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    I do understand and I wasn't trying to sound like a smarta--. The Jeep was stored outside in New Mexico all its life and the wires look decent, but when the project is finished I want to know that ever inch was checked and if possible improved in one way or another.
    Sentimental maybe, a labor of love for my old high school jeep, and maybe this is one of the times I'll look back and say, "Damn, I wish I would have listened to the wisdom from the Jeep elders." At this point I might stick with stock and keep the Painless kit in the personal inventory.

    Either way,
    I was looking through the kit (Black Friday special on Painless) and the Painless fuse block/bulkhead looks like a direct fit (minus bolt size) for the stock 75 firewall. Pics Attached. Am I missing something here? It looks like no modification would be necessary. Jeep Bulkhead.jpg Painless.jpg

    Again, thanks for the wisdom.
     
  10. Dec 7, 2019
    sterlclan

    sterlclan Member

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    yup looks like your standard gm style plug, if you have the painless kit already use it the wiring on these isn't terribly complicated.
     
  11. Dec 9, 2019
    Raven74CJ5

    Raven74CJ5 New Member

    san diego,...
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    Just got done not to long ago installing a painless kit on my 74... took 2 days to completely removed and rewire the whole thing... and im glad I did. As I was going through the old wiring I found a lot of placed where the wires were cracked and oxidation set in causing the wires to corrode. I too upgrade with a few modern perks on my jeep by adding a high amp single wire alternator and an HEI distributor. IMO its definitely worth the time and effort to upgrade to new wiring especially with the newer modern upgrades in electronics these days.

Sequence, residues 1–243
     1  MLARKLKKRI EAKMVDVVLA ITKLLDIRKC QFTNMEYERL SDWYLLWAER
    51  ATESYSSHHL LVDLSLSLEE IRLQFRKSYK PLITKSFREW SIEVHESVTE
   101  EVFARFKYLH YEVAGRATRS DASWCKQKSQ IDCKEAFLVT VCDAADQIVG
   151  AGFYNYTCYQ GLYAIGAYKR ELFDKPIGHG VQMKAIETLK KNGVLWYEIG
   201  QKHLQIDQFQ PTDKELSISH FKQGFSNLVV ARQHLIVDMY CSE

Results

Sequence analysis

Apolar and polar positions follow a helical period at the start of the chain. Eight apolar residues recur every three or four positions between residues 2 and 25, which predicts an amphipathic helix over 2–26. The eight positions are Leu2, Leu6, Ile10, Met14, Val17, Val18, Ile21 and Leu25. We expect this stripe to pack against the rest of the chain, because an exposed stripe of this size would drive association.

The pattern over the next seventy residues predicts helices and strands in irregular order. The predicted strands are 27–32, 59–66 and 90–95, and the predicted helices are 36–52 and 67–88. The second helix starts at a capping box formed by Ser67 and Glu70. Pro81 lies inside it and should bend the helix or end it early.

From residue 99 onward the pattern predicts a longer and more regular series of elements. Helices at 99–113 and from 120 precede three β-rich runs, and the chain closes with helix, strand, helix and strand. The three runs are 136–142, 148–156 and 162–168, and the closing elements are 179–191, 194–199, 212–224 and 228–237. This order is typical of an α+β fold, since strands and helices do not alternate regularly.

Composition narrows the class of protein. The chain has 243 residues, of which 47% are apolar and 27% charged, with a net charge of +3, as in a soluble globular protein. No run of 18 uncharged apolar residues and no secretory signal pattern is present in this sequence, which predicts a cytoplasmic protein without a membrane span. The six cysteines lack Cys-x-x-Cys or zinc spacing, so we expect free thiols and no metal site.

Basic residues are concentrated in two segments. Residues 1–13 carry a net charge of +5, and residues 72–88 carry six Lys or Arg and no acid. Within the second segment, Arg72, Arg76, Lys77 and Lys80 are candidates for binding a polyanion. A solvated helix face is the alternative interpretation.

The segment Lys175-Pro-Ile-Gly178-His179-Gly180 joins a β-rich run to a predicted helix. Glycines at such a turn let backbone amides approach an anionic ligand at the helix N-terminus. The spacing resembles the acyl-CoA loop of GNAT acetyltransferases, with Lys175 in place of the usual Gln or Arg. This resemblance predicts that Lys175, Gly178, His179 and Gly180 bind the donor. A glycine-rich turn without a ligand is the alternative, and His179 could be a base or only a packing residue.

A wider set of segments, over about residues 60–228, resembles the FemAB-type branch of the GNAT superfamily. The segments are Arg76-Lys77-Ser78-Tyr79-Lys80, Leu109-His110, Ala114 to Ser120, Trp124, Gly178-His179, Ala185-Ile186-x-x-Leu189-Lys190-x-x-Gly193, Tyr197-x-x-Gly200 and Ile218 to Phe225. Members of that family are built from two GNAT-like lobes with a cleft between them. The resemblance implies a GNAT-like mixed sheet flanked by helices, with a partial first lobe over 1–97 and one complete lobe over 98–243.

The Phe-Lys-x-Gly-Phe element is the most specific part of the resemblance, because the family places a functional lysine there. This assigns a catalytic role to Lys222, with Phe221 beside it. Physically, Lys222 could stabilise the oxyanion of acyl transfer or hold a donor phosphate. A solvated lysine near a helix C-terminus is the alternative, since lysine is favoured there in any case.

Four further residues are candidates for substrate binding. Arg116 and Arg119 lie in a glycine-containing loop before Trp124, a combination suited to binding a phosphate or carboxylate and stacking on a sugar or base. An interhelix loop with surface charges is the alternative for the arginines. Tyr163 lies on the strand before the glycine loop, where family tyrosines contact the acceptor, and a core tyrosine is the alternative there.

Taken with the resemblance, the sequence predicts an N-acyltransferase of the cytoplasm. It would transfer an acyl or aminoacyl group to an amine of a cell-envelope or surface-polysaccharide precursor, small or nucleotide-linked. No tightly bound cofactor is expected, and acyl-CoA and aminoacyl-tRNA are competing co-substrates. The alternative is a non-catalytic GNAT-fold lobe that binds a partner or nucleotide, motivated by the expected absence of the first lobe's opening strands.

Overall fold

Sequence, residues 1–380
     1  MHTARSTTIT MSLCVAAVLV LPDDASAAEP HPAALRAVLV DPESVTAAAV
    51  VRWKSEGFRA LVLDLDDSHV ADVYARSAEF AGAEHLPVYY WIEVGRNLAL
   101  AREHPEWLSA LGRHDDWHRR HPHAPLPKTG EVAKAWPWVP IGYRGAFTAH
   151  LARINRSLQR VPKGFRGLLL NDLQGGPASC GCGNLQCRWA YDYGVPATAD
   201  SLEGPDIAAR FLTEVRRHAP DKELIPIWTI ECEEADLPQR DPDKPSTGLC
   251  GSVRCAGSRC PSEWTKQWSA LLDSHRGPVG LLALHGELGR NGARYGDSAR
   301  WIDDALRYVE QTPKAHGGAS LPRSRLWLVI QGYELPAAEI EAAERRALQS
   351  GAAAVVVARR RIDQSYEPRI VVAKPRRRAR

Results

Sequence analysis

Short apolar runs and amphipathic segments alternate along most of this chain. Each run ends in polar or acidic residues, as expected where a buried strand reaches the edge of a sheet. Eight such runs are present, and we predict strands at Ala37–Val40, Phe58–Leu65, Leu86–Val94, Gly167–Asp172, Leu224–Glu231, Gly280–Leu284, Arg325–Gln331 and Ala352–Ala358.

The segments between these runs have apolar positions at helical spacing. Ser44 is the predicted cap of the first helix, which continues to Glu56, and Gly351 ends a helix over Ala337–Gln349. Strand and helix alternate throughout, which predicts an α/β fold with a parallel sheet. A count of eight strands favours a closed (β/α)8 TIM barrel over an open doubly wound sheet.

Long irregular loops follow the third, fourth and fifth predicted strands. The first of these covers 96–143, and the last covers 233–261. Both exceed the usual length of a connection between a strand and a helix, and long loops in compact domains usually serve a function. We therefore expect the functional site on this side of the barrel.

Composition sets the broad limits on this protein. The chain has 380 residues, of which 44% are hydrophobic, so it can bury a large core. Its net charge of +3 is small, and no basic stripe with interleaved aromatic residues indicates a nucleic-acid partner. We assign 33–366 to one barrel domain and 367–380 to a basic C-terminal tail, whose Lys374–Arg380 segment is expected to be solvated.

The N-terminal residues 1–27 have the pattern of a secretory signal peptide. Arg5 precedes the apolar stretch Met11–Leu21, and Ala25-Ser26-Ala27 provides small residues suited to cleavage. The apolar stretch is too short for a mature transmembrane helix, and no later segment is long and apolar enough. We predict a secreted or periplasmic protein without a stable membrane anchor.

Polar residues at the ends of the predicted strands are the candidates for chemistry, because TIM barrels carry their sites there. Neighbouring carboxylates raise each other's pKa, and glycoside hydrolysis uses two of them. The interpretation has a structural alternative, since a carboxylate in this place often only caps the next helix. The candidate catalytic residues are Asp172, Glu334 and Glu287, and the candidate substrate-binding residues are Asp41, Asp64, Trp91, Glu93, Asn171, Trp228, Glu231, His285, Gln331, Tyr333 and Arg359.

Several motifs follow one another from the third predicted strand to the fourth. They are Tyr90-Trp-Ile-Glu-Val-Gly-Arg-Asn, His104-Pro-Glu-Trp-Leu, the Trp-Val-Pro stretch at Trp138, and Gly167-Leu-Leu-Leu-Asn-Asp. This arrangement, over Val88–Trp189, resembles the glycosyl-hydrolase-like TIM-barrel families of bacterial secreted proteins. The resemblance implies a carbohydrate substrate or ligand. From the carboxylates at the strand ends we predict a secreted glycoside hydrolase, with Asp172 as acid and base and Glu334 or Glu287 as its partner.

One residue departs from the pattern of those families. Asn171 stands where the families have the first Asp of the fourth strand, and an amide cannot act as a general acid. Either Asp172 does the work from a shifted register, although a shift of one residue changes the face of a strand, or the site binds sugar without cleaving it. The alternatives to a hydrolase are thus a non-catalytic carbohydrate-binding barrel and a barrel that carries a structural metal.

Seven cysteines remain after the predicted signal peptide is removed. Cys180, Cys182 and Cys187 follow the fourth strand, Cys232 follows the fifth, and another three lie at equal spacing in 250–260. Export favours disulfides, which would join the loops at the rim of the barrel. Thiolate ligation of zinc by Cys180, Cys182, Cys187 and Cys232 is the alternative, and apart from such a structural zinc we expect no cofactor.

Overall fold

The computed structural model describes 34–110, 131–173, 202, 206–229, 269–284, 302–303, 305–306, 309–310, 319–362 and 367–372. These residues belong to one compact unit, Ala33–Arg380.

75CJ512JK likes this.
  12. Dec 9, 2019
    timgr

    timgr Jeepin' Nerd 2020 Sponsor 2019 Sponsor

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    Actually kind of cool that the bulkhead connector is a standard thing. Likely another instance of AMC/Jeep taking existing big-three parts and adapting them to their purposes. Using the GM-style bulkhead connector, they bypass all the R&D needed to develop the connector for their vehicle, and they only have to change the wire colors and lengths. I wonder how common the fuse layout in the panel is to other vehicles?
     
    75CJ512JK likes this.
  13. Dec 9, 2019
    sterlclan

    sterlclan Member

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    I would bet pretty similar I’ve used older harness with late model and vice versa to add injection to a pre 87 Chevy square nose. you just add the wire for the pump to the engine side of the bulkhead and add the engine harness for the ecm all plug and play.
     
    Last edited: Dec 9, 2019
    75CJ512JK likes this.